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2 Jul 2014 Zuzana Matkovská Regional News
A nearly decade long legal tug of war has resulted in a draw as both Slovaks and Hungarians can now label wines as “Tokaj”. The struggle makes sense when one considers the sweet wine’s global reputation. Louis XIV himself once declared Tokaj to be “The king of wines and the wine of kings”.
Slovak Tokaj located in the Lower Zemplín in the southeastern corner of Slovakia is experiencing a golden age. More than two hundred awards from national and international exhibitions in recent years are sufficient proof. With each trophy on the international stage Tokaj “gets more public attention and prestige”, said Michal Bartoš from the Slovak National Collection of Wine, a salon presenting the country’s best wines. Increased awareness results in increased numbers of foreign visitors for the vineyards.
“Foreign clientele often come with a brochure in their hands and seek quality wines they have read about,” said Jaroslav Ostrožovič, owner of family winery
The unique taste of Tokaj is created by the region’s subsoil and microclimate. The subsoil is made of volcanic igneous rocks, creating a unique blend of nutrients. The nearby Zemplínske hills create a special climate.
“These conditions guarantee increased production of cibebas and the formation of aromatics in the grapes so typical for this area,” Bartoš said.
Cibebas are grapes contaminated with the noble rot botrytis cinerea. In appropriate conditions the rotting serves to evaporate water from the grapes, and therefore increase sugar content up to 40-60 percent of weight.
“Concentrated aromas translate into wine and gives Tokaj an exclusive flavour,” Bartoš said.
A labelling ranging from three-six putňas is assigned based on the amount of raisins added to wine as it ages. “Putňa contains 23 kilos of raisins added to 136 litre barrels. Therefore six putňas is the maximum possible amount,” said Bartoš.
In order to maintain the quality of the brand, when the grapes are harvested a state supervisor must certify the exclusive Tokaj origin.
“It is prohibited to mix Tokaj wines with wines from other locations,” said sommelier Peter Čechovič. The law regulates alcohol content and maturation time, as well as limiting the yield. “A one hectare yield can’t be over 9,500 kilos,” Čechovič added.
The actual production process draws on family traditions going back several generations. Harvest is “manual, staged and gradual, only ripe cibebas are collected”, said Bartoš. Oxidation is used, rather than the more modern reductive way of making wine. Three varieties of grape are typical for Slovak Tokaj: Furmint, Lipovina and Yellow Muscat. Furmint makes up the majority of Tokaj plantings, mainly due its rich cibebas formation, according to Bartoš.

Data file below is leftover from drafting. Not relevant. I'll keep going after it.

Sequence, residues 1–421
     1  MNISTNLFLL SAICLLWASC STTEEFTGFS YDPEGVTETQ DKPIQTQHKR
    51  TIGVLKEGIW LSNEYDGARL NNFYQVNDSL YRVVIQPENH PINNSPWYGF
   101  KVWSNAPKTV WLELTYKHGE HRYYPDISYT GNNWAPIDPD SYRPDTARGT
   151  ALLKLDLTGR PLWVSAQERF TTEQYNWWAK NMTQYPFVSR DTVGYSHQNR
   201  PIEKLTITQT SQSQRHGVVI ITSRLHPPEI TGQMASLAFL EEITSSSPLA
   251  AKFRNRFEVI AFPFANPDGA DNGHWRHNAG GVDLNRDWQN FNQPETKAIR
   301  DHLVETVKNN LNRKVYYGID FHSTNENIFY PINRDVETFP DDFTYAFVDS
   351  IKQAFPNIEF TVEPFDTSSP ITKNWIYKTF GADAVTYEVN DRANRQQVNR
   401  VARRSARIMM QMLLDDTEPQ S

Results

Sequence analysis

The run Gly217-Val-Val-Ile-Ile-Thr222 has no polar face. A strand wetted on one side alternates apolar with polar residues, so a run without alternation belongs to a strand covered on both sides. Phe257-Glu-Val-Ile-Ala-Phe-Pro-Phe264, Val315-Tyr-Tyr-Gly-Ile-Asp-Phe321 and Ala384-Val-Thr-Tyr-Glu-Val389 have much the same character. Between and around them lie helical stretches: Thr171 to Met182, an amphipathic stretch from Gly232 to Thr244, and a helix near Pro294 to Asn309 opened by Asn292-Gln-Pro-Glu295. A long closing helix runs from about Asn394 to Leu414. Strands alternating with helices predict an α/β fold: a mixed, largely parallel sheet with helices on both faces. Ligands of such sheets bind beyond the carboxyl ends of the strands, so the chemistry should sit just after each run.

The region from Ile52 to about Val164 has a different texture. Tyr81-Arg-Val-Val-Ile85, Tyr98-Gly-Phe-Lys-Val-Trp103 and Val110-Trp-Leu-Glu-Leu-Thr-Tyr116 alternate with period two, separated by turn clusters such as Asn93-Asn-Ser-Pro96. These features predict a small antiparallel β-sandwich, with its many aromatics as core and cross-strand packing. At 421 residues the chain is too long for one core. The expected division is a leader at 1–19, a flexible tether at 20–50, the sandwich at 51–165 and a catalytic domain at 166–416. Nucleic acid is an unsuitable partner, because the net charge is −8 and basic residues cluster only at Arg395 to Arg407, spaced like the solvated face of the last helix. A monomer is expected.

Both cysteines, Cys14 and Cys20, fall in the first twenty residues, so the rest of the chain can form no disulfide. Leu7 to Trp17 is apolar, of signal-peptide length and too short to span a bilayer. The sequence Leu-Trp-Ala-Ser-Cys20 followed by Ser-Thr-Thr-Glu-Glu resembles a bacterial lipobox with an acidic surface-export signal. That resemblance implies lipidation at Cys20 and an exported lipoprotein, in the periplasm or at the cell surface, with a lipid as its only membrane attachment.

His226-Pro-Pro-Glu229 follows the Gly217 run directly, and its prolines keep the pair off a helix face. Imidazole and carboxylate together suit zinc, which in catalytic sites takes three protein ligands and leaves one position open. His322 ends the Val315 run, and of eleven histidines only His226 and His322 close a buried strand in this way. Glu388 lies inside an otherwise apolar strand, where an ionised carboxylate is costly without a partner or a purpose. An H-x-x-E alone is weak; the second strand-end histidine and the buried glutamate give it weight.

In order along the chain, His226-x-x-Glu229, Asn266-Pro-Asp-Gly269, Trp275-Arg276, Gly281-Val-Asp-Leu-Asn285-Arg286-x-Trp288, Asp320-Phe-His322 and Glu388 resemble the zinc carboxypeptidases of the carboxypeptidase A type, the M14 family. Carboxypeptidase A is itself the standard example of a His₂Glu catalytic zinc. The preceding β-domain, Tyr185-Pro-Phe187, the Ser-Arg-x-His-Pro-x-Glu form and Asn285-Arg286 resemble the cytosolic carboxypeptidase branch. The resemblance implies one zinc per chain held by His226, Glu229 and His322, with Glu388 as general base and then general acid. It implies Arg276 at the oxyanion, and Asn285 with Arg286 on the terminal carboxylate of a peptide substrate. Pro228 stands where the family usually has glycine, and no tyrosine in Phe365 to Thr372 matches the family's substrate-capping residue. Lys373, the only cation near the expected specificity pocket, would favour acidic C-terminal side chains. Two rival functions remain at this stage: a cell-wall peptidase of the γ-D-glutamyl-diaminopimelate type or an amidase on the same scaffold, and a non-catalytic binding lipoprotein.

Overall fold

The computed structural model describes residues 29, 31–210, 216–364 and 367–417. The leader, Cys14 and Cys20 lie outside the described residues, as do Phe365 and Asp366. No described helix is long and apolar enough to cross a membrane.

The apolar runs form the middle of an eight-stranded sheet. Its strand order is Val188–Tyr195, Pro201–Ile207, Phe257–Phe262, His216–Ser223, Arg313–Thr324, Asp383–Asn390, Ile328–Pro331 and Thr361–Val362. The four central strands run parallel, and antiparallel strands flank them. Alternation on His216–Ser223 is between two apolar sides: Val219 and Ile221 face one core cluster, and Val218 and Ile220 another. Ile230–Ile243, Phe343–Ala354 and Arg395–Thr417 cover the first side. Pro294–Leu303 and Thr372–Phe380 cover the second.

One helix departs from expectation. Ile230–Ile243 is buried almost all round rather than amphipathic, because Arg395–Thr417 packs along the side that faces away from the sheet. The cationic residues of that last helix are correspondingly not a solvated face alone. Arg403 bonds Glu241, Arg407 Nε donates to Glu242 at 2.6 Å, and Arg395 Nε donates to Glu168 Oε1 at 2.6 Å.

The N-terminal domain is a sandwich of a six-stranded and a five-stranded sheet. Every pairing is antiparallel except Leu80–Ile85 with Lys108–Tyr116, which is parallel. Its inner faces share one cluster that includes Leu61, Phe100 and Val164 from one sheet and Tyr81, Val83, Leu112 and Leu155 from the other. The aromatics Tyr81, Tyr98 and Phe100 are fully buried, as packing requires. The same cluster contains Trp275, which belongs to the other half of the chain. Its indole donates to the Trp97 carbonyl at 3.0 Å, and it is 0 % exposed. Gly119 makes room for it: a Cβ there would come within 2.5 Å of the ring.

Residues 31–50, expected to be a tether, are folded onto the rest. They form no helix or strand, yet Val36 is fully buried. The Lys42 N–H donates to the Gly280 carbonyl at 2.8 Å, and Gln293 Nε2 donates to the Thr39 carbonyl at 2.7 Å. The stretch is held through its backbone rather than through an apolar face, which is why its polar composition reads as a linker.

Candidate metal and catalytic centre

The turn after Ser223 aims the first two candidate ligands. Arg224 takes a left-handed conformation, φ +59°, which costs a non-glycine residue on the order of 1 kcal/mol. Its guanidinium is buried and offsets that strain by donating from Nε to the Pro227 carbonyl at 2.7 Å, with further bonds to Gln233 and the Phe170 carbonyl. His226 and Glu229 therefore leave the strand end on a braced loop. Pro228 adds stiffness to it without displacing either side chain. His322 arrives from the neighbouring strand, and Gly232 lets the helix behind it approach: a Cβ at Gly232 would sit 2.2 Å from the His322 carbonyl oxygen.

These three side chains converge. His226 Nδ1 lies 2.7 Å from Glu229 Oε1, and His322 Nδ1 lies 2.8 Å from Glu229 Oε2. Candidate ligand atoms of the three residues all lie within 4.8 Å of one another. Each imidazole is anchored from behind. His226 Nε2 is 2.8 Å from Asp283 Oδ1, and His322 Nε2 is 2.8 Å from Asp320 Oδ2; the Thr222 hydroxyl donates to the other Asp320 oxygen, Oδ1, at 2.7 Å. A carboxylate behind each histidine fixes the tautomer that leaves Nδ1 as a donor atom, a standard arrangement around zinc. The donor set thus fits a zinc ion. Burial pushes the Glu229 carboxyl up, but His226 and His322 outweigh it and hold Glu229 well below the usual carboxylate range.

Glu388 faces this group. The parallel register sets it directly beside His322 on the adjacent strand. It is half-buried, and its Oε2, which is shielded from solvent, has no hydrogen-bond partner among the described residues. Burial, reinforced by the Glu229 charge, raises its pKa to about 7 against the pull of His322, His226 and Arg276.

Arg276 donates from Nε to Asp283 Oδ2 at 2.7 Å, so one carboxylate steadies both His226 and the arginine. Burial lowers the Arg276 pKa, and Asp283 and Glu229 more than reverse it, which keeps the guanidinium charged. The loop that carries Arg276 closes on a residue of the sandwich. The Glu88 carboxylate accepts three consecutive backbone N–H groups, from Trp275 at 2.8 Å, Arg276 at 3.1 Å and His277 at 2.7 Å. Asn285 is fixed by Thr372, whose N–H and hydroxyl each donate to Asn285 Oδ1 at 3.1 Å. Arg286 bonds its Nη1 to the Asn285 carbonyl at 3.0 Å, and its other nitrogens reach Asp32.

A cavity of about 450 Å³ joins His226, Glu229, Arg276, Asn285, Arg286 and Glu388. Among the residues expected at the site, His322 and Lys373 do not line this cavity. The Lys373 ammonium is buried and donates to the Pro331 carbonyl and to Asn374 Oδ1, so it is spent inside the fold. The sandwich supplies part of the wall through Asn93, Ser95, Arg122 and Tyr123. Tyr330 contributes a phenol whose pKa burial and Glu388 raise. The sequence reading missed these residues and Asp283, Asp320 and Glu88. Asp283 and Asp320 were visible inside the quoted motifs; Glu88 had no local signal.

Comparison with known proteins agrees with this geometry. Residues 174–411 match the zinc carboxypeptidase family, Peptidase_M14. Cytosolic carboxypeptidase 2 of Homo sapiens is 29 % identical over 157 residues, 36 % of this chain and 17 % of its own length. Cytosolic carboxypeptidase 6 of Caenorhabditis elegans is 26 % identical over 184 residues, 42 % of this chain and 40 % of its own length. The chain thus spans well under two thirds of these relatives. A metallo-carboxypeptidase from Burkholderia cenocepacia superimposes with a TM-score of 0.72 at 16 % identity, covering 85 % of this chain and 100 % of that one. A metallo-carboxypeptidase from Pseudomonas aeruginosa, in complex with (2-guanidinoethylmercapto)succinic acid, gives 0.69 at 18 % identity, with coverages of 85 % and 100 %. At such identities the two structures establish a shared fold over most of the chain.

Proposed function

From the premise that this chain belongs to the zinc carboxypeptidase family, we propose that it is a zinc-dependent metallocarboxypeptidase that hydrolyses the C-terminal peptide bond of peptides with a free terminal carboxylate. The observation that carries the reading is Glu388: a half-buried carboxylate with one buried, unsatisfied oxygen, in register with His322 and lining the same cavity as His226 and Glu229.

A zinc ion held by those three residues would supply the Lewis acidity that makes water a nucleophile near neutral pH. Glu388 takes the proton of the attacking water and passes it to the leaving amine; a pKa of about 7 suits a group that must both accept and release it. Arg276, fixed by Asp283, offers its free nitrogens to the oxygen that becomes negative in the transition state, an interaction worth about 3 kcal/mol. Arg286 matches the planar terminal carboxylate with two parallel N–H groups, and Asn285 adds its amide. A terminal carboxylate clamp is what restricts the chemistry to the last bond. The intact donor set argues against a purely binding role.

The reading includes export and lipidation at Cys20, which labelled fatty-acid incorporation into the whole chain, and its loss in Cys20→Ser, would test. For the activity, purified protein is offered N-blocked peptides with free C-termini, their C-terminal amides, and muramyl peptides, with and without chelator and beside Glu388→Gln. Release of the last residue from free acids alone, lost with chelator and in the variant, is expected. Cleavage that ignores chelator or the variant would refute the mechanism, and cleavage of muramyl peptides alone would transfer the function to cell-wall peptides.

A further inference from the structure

The easiest way to enjoy this wine micro region is to try out the Tokaj Wine Route. It is possible to prepare the trip individually, or use services of an agency, which plans trips based on specific requests. The standard route offers cultural and historical monuments, wine bars, taverns, hospitality services and artisans. Villages on the route include Čerhov, Veľká Tŕňa, Malá Tŕňa, Černochov, Bara, Viničky and Slovenské Nové Mesto. The most popular option is a two-day stay, consisting of sightseeing and wine tasting. Most of the family wineries offer accommodation and traditional Zemplín or Hungarian food specialities. More active visitors can enjoy golf, bike rental or horseback riding. However, probably the biggest attractions are the tours of the wine cellars. Most are covered in thick black noble rot and are reminiscent of an underground labyrinth.
Rot may not please the eye, but is essential in the wine ageing process, because “it keeps stable humidity so important for wooden barrels and also creates competitive environment for other undesirable microorganisms,” said Čechovič. The most interesting cellars are located in Malá Tŕňa, Veľká Tŕňa and Viničky.
The best time for visits is in September, when the wine is harvested and the area is full of events, festivals and celebrations. The exact timing of the harvest depends on the weather. On Open Tokaj Cellars Day, a special “Tokaj Express” departs from the Košice train station with a network of buses also connecting to all the Tokaj villages for free. Tickets quickly sell out.
“I learned a lot about Slovak culture and tasted the sweetest wines of my life,” said Jackson Simons, a visitor from Boston who took a tour.
When it comes to wine in the Košice region, it is not just about Tokaj but also the Eastern Slovakia Wine Region, which compared to popular regions in the western part of Slovakia is characterised by more stable weather. By sheer size of the vineyards, the region is as large as Tokaj, however they are spread over a much larger area. It consists of four parts named based on bigger cities located close to vineyards. Visitors can explore the wine experience through the Turňa Wine Route (Moldava part) or by visiting in individual wineries in Malý Horeš (Kráľovský Chlmec part), Vinné (Michalovce part), Tibava or Orechová (Sobrance part), and according to sommelier Čechovič: “Orechová offers lovely high quality fruitish wines.” Typical grape varieties are Welschriesling, Cabernet Sauvignon, Red Traminer or Alibernet. Since many of vineries are small family businesses, it is good to notify the owners before a visit.
Visitors looking for a more metropolitan approach can enjoy the Košice Rosé Fest (in early summer) or Košice Wine Festival (in September). Both festivals follow the old traditions of wine cultivation and production in the region, offering libations in the heart of the historical town centre of Košice.
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